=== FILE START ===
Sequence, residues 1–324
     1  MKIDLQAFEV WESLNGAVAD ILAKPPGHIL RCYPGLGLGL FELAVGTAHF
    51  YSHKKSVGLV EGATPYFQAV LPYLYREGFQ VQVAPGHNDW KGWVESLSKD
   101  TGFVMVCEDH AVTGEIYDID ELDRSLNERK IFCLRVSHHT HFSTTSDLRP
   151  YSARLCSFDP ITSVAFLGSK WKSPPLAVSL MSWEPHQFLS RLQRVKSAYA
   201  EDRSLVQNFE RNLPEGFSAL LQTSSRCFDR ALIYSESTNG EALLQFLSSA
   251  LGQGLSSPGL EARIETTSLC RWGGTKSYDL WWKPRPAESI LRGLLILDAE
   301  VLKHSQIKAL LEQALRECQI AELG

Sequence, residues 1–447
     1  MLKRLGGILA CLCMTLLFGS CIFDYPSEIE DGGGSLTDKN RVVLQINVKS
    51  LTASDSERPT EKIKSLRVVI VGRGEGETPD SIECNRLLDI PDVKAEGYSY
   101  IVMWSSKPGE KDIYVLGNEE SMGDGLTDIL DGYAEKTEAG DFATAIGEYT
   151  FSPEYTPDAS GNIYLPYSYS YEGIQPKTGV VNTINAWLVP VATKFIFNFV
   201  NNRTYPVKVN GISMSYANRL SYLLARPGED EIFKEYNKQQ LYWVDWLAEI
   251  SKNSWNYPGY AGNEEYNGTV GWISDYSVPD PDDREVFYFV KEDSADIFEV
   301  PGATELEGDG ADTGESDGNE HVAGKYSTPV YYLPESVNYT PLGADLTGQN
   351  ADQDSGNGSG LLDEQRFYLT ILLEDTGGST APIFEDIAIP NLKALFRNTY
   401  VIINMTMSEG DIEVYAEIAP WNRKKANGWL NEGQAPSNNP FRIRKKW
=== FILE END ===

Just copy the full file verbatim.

Sequence, residues 1–324
     1  MKIDLQAFEV WESLNGAVAD ILAKPPGHIL RCYPGLGLGL FELAVGTAHF
    51  YSHKKSVGLV EGATPYFQAV LPYLYREGFQ VQVAPGHNDW KGWVESLSKD
   101  TGFVMVCEDH AVTGEIYDID ELDRSLNERK IFCLRVSHHT HFSTTSDLRP
   151  YSARLCSFDP ITSVAFLGSK WKSPPLAVSL MSWEPHQFLS RLQRVKSAYA
   201  EDRSLVQNFE RNLPEGFSAL LQTSSRCFDR ALIYSESTNG EALLQFLSSA
   251  LGQGLSSPGL EARIETTSLC RWGGTKSYDL WWKPRPAESI LRGLLILDAE
   301  VLKHSQIKAL LEQALRECQI AELG

Sequence, residues 1–447
     1  MLKRLGGILA CLCMTLLFGS CIFDYPSEIE DGGGSLTDKN RVVLQINVKS
    51  LTASDSERPT EKIKSLRVVI VGRGEGETPD SIECNRLLDI PDVKAEGYSY
   101  IVMWSSKPGE KDIYVLGNEE SMGDGLTDIL DGYAEKTEAG DFATAIGEYT
   151  FSPEYTPDAS GNIYLPYSYS YEGIQPKTGV VNTINAWLVP VATKFIFNFV
   201  NNRTYPVKVN GISMSYANRL SYLLARPGED EIFKEYNKQQ LYWVDWLAEI
   251  SKNSWNYPGY AGNEEYNGTV GWISDYSVPD PDDREVFYFV KEDSADIFEV
   301  PGATELEGDG ADTGESDGNE HVAGKYSTPV YYLPESVNYT PLGADLTGQN
   351  ADQDSGNGSG LLDEQRFYLT ILLEDTGGST APIFEDIAIP NLKALFRNTY
   401  VIINMTMSEG DIEVYAEIAP WNRKKANGWL NEGQAPSNNP FRIRKKW